Pet. By these ten bones, my lords, he did speak them to me in the garret one night, as we were scouring my Lord of York's armour.
York. Base dunghill villain, and mechanical,
Glou. Sirrah, or yon must fight or else be hang'd. -K. Hen. Away with them to prison; and the day
Of combat shall be the last of the next month. 160 Come, Somerset, we'll see thee sent away. Flourish. Exeunt.
Suf. Please it your majesty, this is the man That doth accuse his master of high treason. His words were these: that Richard Duke of York Was rightful heir unto the English crown,
Hor. Alas! my lord, hang me if ever I spake the words. My accuser is my prentice; and when I did correct him for his fault the otherday, he did vow upon his knees he would be even with me: I have good witness of this: therefore, I beseech your majesty, do not cast away an honest man for a villain's accusation.
K. Hen. Uncle, what shall we say to this in law? Glou. This doom, my lord, if I may judge: Let Somerset be regent o'er the French, Because in York this breeds suspicion; And let these have a day appointed them For single combat in convenient place ; For he hath witness of his servant's malice. This is the law, and this Duke Humphrey's doom. Som. I humbly thank your royal majesty. Hor. And I accept the combat willingly. Pet. Alas! my lord, I cannot fight; for God's sake! pity my case; the spite of man prevaileth against me. O Lord! have mercy upon me; I shall never be able to fight a blow. O Lord! my heart.
Enter MARGERY JOURDAIN, HUME, SOUTH-
Hume. Come, my masters; the duchess, I tell you, expects performance of your promises. Boling. Master Hume, we are therefore provided. Will her ladyship behold and hear our. exorcisms?
Hume. Ay; what else? fear you not her courage.
Suf. Peace, headstrong Warwick!
Boling. I have heard her reported to be a woman of an invincible spirit: but it shall be War. Image of pride, why should I hold my aloft while we be busy below; and so, convenient, Master Hume, that you be by her peace?
you, go, in God's name, and leave us.
SCENE IV.-The Same. The Duke of GLOU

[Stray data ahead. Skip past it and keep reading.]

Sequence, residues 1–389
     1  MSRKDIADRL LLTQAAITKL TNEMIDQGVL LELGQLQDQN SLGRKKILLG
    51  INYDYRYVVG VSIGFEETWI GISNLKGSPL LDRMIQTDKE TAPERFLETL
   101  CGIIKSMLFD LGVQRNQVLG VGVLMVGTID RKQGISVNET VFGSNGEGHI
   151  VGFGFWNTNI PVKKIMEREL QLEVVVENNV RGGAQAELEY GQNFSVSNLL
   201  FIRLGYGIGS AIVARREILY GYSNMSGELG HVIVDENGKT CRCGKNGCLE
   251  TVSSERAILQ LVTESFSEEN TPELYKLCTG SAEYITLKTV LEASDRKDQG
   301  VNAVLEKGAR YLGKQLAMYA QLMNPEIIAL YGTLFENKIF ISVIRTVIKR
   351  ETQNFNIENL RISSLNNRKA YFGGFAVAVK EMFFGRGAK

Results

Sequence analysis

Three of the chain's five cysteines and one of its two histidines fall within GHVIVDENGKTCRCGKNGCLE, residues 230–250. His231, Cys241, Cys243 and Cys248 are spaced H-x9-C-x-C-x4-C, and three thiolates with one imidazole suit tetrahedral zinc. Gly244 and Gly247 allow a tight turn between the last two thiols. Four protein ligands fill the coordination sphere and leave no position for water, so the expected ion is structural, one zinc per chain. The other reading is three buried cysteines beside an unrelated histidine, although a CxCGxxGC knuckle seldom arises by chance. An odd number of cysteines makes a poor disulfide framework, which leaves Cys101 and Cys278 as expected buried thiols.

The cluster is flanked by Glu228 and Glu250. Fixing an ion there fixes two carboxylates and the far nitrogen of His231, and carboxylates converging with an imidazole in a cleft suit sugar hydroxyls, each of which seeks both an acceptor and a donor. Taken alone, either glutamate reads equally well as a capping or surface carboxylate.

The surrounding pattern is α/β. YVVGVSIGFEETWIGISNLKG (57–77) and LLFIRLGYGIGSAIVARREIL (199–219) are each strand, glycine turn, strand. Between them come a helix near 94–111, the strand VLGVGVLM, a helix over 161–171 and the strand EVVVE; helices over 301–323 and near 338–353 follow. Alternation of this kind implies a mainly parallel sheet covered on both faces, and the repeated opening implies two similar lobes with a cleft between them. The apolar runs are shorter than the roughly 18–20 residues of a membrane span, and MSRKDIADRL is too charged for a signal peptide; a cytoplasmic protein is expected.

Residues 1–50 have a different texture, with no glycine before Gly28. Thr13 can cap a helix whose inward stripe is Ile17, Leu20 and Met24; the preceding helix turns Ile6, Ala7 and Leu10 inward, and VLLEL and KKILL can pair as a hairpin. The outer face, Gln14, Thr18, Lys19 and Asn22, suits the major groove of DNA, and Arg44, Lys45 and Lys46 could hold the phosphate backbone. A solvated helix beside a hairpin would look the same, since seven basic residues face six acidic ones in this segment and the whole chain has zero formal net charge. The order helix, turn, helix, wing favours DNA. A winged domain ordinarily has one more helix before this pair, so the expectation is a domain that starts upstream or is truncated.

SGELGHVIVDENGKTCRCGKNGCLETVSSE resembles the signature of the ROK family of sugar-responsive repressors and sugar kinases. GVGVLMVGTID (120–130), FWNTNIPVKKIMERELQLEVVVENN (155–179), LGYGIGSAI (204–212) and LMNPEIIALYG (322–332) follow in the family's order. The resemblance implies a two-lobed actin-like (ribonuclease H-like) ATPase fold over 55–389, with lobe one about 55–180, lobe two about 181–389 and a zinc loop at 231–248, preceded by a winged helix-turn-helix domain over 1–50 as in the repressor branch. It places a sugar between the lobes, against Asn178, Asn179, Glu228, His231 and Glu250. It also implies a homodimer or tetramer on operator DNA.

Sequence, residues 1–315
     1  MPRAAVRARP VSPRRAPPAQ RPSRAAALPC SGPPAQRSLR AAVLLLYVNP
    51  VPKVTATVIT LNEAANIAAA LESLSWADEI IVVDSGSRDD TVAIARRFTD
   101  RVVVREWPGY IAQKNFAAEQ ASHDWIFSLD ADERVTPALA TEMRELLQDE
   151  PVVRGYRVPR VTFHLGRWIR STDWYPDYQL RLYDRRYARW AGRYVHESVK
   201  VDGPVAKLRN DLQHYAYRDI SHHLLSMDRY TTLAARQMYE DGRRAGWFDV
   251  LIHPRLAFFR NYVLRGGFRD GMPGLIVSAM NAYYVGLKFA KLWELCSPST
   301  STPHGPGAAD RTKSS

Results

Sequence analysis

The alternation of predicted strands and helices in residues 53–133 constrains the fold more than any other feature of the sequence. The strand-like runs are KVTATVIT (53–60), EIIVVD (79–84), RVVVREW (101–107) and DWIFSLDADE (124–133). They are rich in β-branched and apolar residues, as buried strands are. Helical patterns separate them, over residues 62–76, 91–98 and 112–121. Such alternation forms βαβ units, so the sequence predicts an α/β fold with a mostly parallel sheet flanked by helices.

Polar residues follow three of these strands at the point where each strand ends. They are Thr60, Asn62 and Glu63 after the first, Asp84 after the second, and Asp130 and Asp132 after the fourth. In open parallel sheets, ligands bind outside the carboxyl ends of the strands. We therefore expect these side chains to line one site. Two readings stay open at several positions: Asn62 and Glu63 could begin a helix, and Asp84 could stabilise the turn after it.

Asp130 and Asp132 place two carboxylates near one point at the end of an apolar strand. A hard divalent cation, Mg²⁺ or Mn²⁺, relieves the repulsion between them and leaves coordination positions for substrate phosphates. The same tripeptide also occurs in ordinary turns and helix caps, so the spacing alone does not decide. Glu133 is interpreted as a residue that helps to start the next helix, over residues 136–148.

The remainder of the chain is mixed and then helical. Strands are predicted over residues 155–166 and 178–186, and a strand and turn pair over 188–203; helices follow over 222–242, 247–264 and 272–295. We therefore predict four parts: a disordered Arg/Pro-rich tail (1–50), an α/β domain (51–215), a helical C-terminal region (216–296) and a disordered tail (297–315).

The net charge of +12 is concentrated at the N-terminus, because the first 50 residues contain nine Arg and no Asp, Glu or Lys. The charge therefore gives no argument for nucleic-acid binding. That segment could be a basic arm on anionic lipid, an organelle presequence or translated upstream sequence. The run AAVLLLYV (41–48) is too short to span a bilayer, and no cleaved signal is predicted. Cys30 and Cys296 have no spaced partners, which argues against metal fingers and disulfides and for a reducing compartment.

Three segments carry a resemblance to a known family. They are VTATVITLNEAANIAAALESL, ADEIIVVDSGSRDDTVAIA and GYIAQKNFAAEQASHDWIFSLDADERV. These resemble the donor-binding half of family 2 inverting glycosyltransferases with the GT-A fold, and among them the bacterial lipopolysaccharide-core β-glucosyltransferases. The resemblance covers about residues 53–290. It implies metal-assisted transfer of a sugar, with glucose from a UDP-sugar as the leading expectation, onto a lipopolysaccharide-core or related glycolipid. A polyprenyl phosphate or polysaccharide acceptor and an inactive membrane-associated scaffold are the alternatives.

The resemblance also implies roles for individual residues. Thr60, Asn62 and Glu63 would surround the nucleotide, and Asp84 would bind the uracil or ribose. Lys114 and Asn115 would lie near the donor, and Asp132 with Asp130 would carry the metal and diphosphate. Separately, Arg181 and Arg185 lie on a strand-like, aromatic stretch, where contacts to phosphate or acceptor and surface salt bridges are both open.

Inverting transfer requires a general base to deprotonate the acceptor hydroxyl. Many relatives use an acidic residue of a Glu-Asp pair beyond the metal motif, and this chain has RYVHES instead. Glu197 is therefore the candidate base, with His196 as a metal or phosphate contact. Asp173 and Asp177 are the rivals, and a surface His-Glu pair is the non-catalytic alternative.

Exit HUME. Mother Jourdain, be you prostrate, and grovel on the earth; John Southwell, read you; and let us to our work.
Enter DUCHESS aloft, HUME following. Duch. Well said, my masters, and welcome all. To this gear the sooner the better.
Boling. Patience, good lady; wizards know their times:
Deep night, dark night, the silent of the night,
The time when screech-owls cry, and ban-dogs | Why, this is just howl,
And spirits walk, and ghosts break up their
That time best fits the work we have in hand.
make the circle; BOLINGBROKE or
M. Jourd. Asmath!
By the eternal God, whose name and power
For till thou speak thou shalt not pass from
Spir. Ask what thou wilt. That I had said
Boling. First, of the king: what shall of him
Beldam, I think we watch'd you at an inch.
Are deeply indebted for this piece of pains :
Injurious duke, that threatest where's no cause. Buck. True, madam, none at all. What call you this?
Away with them! let them be clapp'd up close, And kept asunder. You, madam, shall with us: Stafford, take her to thee.
Exeunt above DUCHESS and HUME, We'll see your trinkets here all forthcoming. guarded. All, away! Excunt Guard, with SOUTHWELL, BOLINGBROKE, etc. York. Lord Buckingham, methinks you watch'd her well:
A pretty plot, well chosen to build upon !
The duke yet lives that Henry shall depose;
Aio te, Eacida, Romanos vincere posse. Well, to the rest :
Tell me what fate awaits the Duke of Suffolk?
Safer shall he be upon the sandy plains